Does a well-functioning capitalist economic system need good political governance? Yes. Does the United States currently have a political party skilled at managing its capitalist economic system? I’d argue, no. Of the two main parties, the GOP is clearly the bigger problem. I don’t want to turn off GOP supporters from this blog, or from other arguments I might make. But the contradictions between the Republican view of themselves and their actual interaction with the world must be pointed out if we are to retain any semblance of objectivity. For starters: a party of deficit hawks that will not raise tax revenues, under any circumstances, is not a party of deficit hawks. They are a party of pretenders.
Anyway, I bring this up because there’s a great article in the NY Review of Books, by Sam Tanenhaus, that raises these kinds of contradictions, one of which is anti-government ideology in theory and in practice:
This, in turn, points to the larger problem for the GOP. Its leading figures, in office and in the media, continue to espouse an antigovernment ideology that in reality attracts very few voters, even on the right. More accurately, today’s self-identified conservatives embrace movement rhetoric but not movement ideology—at least not when it is cast as policy. In The Tea Party and the Remaking of Republican Conservatism, Theda Skocpol and Vanessa Williamson, Harvard scholars who have interviewed adherents of the new insurgency in different regions of the country, report that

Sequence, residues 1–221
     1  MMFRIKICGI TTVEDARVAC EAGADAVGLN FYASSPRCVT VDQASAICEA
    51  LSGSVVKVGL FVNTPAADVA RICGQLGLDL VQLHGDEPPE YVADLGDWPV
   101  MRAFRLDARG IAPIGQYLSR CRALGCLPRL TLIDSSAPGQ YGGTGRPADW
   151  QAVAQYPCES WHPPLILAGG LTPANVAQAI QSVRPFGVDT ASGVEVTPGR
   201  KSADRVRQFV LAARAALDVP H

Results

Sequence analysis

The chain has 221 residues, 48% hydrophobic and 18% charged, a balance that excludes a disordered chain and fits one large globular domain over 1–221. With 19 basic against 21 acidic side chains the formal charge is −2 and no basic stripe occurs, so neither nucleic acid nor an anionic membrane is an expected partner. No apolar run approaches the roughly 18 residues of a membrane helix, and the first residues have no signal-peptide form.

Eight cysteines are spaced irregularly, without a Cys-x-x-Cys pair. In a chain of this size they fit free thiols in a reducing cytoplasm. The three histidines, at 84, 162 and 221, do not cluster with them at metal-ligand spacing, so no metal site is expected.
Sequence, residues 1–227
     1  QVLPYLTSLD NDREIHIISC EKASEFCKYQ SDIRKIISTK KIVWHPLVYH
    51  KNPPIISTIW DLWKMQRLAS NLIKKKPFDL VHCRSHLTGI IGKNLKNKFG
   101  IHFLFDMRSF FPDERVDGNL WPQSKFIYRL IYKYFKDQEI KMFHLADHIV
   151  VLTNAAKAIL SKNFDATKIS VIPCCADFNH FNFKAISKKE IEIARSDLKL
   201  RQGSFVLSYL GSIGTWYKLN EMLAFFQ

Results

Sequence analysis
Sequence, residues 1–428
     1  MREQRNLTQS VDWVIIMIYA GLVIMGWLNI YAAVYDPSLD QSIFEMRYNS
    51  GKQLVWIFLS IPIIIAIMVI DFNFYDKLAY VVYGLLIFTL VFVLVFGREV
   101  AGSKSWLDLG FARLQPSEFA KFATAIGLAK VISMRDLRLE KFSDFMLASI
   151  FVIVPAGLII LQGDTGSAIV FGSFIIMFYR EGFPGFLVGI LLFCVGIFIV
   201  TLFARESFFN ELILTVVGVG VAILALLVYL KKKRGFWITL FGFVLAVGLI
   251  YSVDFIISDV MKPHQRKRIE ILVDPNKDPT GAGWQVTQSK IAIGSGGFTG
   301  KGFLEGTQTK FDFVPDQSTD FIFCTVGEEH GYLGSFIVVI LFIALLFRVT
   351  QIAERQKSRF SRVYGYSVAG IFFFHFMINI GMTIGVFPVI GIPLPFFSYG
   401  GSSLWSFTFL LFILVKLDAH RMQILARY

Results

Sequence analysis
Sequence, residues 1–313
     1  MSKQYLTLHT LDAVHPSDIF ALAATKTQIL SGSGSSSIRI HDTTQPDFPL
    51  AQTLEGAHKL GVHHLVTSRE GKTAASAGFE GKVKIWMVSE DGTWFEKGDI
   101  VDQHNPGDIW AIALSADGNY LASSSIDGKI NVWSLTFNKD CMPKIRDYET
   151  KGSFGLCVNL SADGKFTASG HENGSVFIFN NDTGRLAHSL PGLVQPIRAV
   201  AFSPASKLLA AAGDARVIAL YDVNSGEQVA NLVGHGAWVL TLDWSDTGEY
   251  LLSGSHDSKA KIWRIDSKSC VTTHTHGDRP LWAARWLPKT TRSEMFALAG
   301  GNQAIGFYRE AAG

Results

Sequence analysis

“fully 83% of South Dakota Tea Party supporters said they would prefer to “leave alone” or “increase” Social Security benefits, while 78% opposed cuts to Medicare prescription drug coverage, and 79% opposed cuts in Medicare payments to physicians and hospitals…. 56% of the Tea Party supporters surveyed did express support for “raising income taxes by 5% for everyone whose income is over a million dollars a year.”
These views, which are aligned with those of moderate Republicans and Democrats, corroborate the findings in a 2010 New York Times poll of Tea Partiers, which concluded: “Despite their push for smaller government, they think that Social Security and Medicare are worth the cost to taxpayers.”11 Such opinions reflect those of the broader public, and as much as two thirds of that public favors in principle much of Obama’s program, including his plan to increases taxes on the wealthy12—an idea derided on the right as “class warfare.” Meanwhile approval for the Tea Party–aligned House of Representatives has sunk to historic depths.
I don’t know if Tanenhaus agrees or not, but to me it is obvious that the GOP will not be the party that pulls America out of the Great Contraction. The economic problems we face now and into the near future are too complex for the Republican’s simplistic ideologies. It is more likely, at this point, that the GOP gameplan will remain preventing Obama and the Democrats from doing what the GOP is unable and unwilling to do. This remarkable story is the end of the GOP as we knew it.
Mark Austen Whipple